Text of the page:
Review of Jon Kessler exhibition by Roberta Smith
The New York Times
December 11, 1987
Luhring, Augustine & Hodes
41 East 57th Street
Through Dec. 19
Jon Kessler continues to mix media, cultures and degrees of motion and stasis in his latest sculpture ensembles and wall reliefs, and, so doing, to make a uniquely gentle brand of kinetic art. The tour de force of his current exhibition is "Taiwan," an elaborate amalgamation of export chinoiserie, packing materials and antique machines, including part of a Singer sewing machine. These are arranged in a series of delicate suspensions periodically animated, it seems, by a music box that is keeping company with a plastic ear. The wall relief "Under Venice" approximates an aquarium whose bits of coral are actually Murano vases and whose underwater distortions are the result of wafting sheets of Plexiglas. In "The Big Light," a series of head‑sized light bulbs blink slowly on and off, like ideas coming and going.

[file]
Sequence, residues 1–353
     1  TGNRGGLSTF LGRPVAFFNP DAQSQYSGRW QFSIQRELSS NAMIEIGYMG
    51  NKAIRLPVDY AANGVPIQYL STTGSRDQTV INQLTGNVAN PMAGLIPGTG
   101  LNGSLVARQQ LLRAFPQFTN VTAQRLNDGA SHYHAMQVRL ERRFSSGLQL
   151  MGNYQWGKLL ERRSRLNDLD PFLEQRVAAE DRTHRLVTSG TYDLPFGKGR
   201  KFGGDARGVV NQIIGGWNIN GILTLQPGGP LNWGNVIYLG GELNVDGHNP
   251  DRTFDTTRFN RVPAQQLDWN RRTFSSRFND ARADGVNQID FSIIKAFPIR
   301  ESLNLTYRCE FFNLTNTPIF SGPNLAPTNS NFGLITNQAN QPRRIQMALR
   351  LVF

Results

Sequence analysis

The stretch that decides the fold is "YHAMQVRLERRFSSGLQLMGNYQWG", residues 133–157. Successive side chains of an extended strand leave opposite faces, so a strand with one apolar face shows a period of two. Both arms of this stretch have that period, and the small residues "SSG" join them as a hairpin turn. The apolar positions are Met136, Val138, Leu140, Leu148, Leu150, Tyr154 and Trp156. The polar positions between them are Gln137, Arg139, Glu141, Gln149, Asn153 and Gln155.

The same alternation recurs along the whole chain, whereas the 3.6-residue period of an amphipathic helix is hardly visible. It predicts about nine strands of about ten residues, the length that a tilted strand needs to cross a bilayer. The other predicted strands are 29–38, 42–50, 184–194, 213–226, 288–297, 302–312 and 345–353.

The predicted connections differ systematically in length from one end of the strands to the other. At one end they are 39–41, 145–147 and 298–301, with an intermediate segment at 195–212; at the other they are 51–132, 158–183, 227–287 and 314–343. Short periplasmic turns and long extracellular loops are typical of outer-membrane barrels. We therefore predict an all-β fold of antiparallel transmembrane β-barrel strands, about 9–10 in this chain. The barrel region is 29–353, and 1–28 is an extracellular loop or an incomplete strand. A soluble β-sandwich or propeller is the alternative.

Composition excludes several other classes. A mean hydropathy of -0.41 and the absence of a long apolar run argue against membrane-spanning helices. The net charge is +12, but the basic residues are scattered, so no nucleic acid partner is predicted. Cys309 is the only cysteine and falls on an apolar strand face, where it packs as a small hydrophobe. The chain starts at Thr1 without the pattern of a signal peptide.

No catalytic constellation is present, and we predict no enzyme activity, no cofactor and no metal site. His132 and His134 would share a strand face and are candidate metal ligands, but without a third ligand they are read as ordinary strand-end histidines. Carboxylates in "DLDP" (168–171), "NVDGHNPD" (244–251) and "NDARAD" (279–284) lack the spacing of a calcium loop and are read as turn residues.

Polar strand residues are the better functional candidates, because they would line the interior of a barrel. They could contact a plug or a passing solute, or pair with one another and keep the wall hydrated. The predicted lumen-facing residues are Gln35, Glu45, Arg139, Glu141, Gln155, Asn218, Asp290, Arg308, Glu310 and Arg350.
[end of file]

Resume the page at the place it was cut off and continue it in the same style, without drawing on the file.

Excepting "Under Venice," there is a general loss of the visual, almost painterly poetry that has characterized Mr. Kessler's previous work. This tendency is substantiated in the show's smaller pieces, which tend to be too literal, hard‑edged or purely mechanical. Mr. Kessler has a great touch with the common object, but transcendence is still the name of the game.